The mere mention of Cooum conjures up images of a dirty, smelly water body. The pollution of the Cooum river has been an issue that takes centre stage in all discussions around improving life in Chennai. The fate of Chennai’s other water bodies, the Adyar river and Kosasthalaiyar river and the Buckingham canal also mirror that of the Cooum.
Many attempts have been made over the years to clean up Chennai’s polluted rivers. Allocations running into thousands of crores have been made for these projects by various governments, but progress has been slow and incremental.
State of rivers in Chennai
The Central Pollution Control Board has ranked Cooum as the most polluted river in India. The Adyar river also finds a place in the report released in 2022.
The ranking is based on a measure of the Biochemical Oxygen Demand (BOD).
Biological oxygen demand (BOD) is defined as the amount of dissolved oxygen needed by microorganisms to decompose the organic matter in water. In other words, BOD is the amount of oxygen necessary for organic waste to decompose.
A high level of BOD indicates a low availability of dissolved oxygen needed by the higher organisms, namely the aquatic flora and fauna. Hence, the higher the BOD, the more polluted the water is considered to be.
The Cooum and Adyar rivers have a BOD of 345 mg/l and 40 mg/l respectively.
The acceptable water quality standard for rivers is 3 mg/L BOD for bathing, as per the Central Pollution Control Board rules and the Guidelines for Preparation of Project Reports under National River Conservation Plan and National Ganga River Basin Authority. Water in rivers having a BOD higher than that limit is considered polluted.
By these standards, the current BOD of Cooum is 115 times the level safe for bathing, while that of Adyar is 13.3 times.
In January 2023, the Tamil Nadu Pollution Control Board (TNPCB) found the Adyar, Cooum and Buckingham Canal to be ‘dead’, as no living species can survive in these rivers at the present levels of pollution. In fact, they found no dissolved oxygen in 23 locations of Adyar and 18 locations of Cooum.
“If you look at the riverbed of Cooum in Egmore, it is black in colour. This leads to the accumulation of toxic gases like hydrogen sulphide and methane, causing a foul odour. These gases will consume the dissolved oxygen in the water, rendering the river unfit for any form of life,” says RJ Ranjit Daniels, an Ecologist and Trustee of Care Earth Trust.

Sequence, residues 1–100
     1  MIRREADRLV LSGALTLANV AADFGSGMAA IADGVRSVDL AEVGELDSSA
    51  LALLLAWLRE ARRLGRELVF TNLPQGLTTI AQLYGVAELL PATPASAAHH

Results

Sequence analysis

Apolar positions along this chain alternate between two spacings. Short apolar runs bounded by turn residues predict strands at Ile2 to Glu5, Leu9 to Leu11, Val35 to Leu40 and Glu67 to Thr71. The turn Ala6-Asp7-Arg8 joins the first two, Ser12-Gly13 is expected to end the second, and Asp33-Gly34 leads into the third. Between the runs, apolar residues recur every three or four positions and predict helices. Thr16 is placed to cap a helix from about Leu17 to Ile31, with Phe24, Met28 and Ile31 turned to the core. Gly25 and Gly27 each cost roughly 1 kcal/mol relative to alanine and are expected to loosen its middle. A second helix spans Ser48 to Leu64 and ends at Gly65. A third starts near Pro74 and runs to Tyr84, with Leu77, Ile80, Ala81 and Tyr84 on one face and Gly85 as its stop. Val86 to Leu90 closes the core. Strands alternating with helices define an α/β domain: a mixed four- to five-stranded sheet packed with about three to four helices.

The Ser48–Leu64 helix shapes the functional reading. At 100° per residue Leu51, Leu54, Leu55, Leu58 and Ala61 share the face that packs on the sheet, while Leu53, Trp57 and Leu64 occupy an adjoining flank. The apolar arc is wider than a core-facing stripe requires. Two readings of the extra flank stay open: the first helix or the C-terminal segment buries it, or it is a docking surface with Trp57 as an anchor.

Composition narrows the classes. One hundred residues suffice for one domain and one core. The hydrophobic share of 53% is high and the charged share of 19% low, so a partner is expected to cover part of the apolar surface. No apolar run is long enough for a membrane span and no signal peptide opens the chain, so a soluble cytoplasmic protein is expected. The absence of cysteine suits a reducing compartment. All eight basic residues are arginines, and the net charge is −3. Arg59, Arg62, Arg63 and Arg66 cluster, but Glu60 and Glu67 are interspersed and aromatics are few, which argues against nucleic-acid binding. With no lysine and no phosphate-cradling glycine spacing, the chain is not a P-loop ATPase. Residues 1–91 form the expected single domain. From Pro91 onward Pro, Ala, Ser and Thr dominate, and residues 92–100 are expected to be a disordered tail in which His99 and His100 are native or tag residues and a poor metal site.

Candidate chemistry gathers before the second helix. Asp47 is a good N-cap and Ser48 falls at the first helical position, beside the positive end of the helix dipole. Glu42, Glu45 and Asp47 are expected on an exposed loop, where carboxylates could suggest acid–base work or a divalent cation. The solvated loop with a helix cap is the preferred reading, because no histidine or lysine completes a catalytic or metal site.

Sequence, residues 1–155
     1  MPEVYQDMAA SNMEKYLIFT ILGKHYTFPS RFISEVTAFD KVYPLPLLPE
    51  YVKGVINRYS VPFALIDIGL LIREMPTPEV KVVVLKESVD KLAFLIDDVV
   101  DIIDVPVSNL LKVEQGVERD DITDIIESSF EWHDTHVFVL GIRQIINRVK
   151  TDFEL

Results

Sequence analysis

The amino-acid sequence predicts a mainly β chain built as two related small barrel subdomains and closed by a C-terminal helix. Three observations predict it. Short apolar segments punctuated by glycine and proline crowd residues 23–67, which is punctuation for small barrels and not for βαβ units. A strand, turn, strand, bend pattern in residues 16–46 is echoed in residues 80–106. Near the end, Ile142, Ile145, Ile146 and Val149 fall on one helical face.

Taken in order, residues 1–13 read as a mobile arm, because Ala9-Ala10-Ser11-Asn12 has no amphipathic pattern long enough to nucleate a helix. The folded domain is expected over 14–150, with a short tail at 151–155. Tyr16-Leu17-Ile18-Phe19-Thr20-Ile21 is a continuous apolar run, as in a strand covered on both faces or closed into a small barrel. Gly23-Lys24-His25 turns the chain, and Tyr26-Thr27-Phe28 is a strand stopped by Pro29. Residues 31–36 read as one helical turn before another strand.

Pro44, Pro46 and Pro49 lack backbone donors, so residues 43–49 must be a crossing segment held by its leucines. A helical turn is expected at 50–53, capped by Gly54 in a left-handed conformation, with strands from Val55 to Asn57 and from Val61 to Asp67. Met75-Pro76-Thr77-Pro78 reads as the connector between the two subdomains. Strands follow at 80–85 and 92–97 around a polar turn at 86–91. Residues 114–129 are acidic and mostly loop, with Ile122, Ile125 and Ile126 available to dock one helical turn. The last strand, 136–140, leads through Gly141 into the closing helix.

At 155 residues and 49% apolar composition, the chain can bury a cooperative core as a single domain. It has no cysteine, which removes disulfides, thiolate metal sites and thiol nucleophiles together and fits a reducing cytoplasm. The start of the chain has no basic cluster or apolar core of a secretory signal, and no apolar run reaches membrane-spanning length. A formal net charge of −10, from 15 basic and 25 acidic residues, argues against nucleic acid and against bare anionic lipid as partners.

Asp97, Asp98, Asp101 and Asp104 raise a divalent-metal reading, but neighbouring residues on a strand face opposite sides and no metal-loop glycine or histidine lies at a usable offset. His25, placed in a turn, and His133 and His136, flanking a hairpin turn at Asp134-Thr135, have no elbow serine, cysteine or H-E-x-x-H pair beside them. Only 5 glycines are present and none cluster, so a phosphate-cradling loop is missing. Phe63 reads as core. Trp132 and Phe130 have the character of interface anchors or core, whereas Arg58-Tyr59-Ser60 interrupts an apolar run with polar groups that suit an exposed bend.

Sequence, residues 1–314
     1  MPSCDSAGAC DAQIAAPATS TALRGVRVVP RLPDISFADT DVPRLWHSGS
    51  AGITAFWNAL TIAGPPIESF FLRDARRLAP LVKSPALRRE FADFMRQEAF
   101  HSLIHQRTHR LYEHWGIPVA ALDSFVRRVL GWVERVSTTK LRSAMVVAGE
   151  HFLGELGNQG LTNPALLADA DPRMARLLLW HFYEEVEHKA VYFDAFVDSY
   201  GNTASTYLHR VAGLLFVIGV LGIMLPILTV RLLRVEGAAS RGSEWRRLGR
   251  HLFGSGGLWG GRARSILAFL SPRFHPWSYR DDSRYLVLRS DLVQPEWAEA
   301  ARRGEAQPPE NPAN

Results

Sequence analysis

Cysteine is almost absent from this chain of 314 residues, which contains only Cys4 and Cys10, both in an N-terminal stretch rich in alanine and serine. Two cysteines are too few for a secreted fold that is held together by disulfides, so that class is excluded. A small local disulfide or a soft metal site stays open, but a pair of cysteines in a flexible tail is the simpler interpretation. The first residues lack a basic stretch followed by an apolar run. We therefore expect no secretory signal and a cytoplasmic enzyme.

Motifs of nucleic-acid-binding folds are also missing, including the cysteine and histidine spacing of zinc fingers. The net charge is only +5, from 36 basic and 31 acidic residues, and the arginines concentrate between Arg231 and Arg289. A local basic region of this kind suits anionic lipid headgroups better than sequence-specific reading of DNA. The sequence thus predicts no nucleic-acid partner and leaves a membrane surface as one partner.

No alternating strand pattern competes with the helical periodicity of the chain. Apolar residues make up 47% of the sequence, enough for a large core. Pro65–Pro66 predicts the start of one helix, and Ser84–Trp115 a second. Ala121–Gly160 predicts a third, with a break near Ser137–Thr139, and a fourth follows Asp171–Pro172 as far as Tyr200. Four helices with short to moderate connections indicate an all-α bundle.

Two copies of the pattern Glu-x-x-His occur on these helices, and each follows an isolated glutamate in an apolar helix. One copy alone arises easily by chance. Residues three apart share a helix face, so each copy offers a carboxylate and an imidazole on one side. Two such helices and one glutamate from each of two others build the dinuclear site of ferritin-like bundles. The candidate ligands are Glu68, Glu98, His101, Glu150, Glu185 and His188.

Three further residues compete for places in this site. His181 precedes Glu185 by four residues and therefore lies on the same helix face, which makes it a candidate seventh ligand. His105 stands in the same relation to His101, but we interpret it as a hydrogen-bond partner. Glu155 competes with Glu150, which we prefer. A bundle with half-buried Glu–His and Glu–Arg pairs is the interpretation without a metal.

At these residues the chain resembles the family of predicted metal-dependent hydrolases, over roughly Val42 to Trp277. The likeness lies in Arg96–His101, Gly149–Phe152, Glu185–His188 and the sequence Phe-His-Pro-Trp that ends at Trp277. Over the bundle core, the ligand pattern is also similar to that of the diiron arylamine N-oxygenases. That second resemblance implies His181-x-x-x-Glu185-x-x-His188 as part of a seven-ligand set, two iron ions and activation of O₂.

CRRT’s role in river restoration in Chennai
In 2006, the Tamil Nadu Government formed the Adyar Poonga Trust to create an Eco-park known as Tholkappia Poonga spanning 58 acres in Adyar Creek, as part of Phase I of the eco-restoration of the Adyar Creek.
Later, the ambit of the trust expanded to restoring 300 acres of Adyar Creek and Estuary, which became Phase II of the project.
“Phase I of Adyar Creek restoration project definitely improved its conditions. The Adyar Poonga is beautifully made too. Before the restoration, it used to be in a very poor state. However, there was no scientific restoration of the Creek,” says TK Ramkumar, a member of the Monitoring Committee appointed by the Madras High Court to oversee the Poonga restoration.
In 2010, the State Government renamed Adyar Poonga Trust into Chennai Rivers Restoration Trust (CRRT) with a larger mandate. The objective of CRRT includes the restoration of other waterways of the city, including the rivers of Cooum, Adyar, Kosasthaliyar and Buckingham Canal.
With this goal in mind, CRRT’s eco-restoration plans outline the various steps in reviving Chennai’s rivers. The entire process involves multiple civic and parastatal agencies working in close coordination, with CRRT playing the role of a nodal body.
Steps in eco-restoration of rivers
An official of the CRRT shared the steps followed by the agency for river restoration.
- The boundary of the river is established by the land-owning department. In the case of rivers, it is Water Resources Department (WRD).